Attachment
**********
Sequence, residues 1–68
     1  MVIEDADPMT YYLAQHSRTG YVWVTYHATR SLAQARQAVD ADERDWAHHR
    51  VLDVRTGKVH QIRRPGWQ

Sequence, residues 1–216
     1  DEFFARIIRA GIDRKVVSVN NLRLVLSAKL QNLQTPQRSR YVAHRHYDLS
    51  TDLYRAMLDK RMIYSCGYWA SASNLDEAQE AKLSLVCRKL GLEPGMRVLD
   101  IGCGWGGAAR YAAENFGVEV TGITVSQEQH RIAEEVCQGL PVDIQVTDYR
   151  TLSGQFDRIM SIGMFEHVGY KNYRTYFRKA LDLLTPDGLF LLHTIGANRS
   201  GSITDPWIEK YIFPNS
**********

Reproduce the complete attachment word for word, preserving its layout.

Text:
Sequence, residues 1–68
     1  MVIEDADPMT YYLAQHSRTG YVWVTYHATR SLAQARQAVD ADERDWAHHR
    51  VLDVRTGKVH QIRRPGWQ

Sequence, residues 1–216
     1  DEFFARIIRA GIDRKVVSVN NLRLVLSAKL QNLQTPQRSR YVAHRHYDLS
    51  TDLYRAMLDK RMIYSCGYWA SASNLDEAQE AKLSLVCRKL GLEPGMRVLD
   101  IGCGWGGAAR YAAENFGVEV TGITVSQEQH RIAEEVCQGL PVDIQVTDYR
   151  TLSGQFDRIM SIGMFEHVGY KNYRTYFRKA LDLLTPDGLF LLHTIGANRS
   201  GSITDPWIEK YIFPNS